Norwegian Air filled more seats on its planes and earned higher revenues per customer in April while dealing with the grounding of its 18 Boeing 737 Max aircraft, it said, sending its shares up almost 3%.
The company said last month that the global grounding of 737 Max jets, which followed deadly crashes of airliners in Indonesia and Ethiopia, could scupper Norwegian’s plan to return to profitability this year.
So far, however, the carrier said it has managed to limit the impact from the grounding of around 11% of its fleet by combining flights and offering passengers alternative departures.
Norwegian’s load factor — the percentage of seats sold — rose to 86% from 83% a year earlier. Yield, a measure of revenue per passenger carried and kilometres flown, also rose.
Norwegian’s shares were up almost 3%.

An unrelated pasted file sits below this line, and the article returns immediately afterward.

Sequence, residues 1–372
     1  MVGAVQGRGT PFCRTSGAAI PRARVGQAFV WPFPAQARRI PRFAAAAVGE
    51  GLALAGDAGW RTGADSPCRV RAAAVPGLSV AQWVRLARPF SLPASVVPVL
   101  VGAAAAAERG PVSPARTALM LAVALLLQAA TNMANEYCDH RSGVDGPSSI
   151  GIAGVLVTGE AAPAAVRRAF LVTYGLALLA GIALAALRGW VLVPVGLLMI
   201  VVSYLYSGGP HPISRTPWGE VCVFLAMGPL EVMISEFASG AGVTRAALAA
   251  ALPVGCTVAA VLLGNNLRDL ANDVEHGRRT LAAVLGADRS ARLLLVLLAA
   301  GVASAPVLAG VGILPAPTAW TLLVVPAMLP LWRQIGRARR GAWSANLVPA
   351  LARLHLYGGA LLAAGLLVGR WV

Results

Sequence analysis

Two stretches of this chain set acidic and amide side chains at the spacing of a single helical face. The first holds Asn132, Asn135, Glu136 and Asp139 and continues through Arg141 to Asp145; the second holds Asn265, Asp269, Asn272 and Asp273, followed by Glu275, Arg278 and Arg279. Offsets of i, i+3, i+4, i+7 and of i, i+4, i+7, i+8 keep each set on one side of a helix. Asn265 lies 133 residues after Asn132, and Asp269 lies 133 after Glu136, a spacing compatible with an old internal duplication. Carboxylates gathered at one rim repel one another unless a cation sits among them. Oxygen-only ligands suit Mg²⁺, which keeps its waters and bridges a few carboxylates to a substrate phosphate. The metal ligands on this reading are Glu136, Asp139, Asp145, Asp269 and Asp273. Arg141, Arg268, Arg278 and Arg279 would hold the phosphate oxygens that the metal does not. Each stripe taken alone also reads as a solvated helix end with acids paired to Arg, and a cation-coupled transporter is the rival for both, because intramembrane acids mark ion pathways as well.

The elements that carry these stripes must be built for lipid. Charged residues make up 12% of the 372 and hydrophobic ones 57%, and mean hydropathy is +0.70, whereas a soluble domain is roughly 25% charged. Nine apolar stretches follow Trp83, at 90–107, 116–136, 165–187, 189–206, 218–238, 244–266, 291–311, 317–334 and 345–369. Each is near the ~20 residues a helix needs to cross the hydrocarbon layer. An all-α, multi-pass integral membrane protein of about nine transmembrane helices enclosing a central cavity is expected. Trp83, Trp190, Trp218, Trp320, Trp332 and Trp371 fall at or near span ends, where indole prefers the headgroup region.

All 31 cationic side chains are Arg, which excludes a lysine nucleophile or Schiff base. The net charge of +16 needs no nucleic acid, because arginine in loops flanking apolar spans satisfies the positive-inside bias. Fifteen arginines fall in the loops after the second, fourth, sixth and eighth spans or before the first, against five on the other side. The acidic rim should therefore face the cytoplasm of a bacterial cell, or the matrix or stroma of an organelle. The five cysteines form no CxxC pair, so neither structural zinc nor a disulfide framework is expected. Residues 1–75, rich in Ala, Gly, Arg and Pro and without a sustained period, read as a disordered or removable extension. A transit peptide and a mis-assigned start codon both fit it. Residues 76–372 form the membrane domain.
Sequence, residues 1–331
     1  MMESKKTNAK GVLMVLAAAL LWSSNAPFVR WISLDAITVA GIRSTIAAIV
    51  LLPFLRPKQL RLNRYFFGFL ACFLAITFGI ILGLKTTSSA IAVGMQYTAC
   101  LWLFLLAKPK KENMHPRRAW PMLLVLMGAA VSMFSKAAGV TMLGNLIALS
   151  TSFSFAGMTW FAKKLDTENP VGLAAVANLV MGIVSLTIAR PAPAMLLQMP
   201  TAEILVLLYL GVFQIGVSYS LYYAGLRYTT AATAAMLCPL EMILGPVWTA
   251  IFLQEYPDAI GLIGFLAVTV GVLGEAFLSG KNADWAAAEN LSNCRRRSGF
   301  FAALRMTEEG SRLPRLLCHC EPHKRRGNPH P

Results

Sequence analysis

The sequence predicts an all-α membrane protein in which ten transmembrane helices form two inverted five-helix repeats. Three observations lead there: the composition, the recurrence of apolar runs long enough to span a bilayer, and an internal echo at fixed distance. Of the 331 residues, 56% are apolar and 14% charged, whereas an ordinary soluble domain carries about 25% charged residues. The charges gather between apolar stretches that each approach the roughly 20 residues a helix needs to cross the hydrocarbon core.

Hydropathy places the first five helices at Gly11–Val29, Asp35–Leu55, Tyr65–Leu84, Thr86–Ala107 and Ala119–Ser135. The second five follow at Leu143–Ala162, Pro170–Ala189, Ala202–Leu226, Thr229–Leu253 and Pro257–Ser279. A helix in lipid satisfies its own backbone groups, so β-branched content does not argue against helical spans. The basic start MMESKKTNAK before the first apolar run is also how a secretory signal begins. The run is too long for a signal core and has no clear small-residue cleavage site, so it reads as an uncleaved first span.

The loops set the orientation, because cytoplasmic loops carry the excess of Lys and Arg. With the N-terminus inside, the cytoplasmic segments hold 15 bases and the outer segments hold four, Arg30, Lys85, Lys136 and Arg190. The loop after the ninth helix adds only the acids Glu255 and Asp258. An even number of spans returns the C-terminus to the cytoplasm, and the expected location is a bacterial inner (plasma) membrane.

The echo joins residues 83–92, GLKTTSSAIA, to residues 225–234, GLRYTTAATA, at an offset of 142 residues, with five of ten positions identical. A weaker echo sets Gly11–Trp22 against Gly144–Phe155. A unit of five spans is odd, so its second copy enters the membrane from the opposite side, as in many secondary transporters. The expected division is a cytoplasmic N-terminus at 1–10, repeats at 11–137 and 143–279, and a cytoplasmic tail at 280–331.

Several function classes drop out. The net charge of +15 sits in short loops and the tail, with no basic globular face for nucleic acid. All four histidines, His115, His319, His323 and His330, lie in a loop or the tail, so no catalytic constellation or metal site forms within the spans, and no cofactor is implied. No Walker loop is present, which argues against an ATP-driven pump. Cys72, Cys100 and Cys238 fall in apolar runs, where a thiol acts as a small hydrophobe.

Norwegian has curbed its rapid growth this year to focus on cutting costs and turning a profit. It also raised around €30m from shareholders to boost its balance sheet.
“I’m very pleased with the positive development in April, as well as the last two months as a whole; both in terms of passenger numbers, revenue and on-time performance,” said chief executive Bjorn Kjos.
We will continue to work on returning to profitability and, at the same time, offer our customers a high-quality product at a low fare.
It comes as some of Norwegian’s Cork and Shannon passengers rebooked from Dublin have found their flights are being moved days.
With the 737 Max fleet grounded, Cork and Shannon passengers are not able to fly to Providence, Rhode Island, on the US east coast for the foreseeable future, said the firm.
Ireland South MEP Deirdre Clune said: “It is very unfair on passengers who have had flights booked to now face further disruption when it comes to the rescheduling of flights.
“I know the airline is entitled to do this once they give notice but I would urge Norwegian to do all it can to ensure that they give as much notice to passengers as possible if they have to reschedule flights, so that the passengers can plan accordingly.”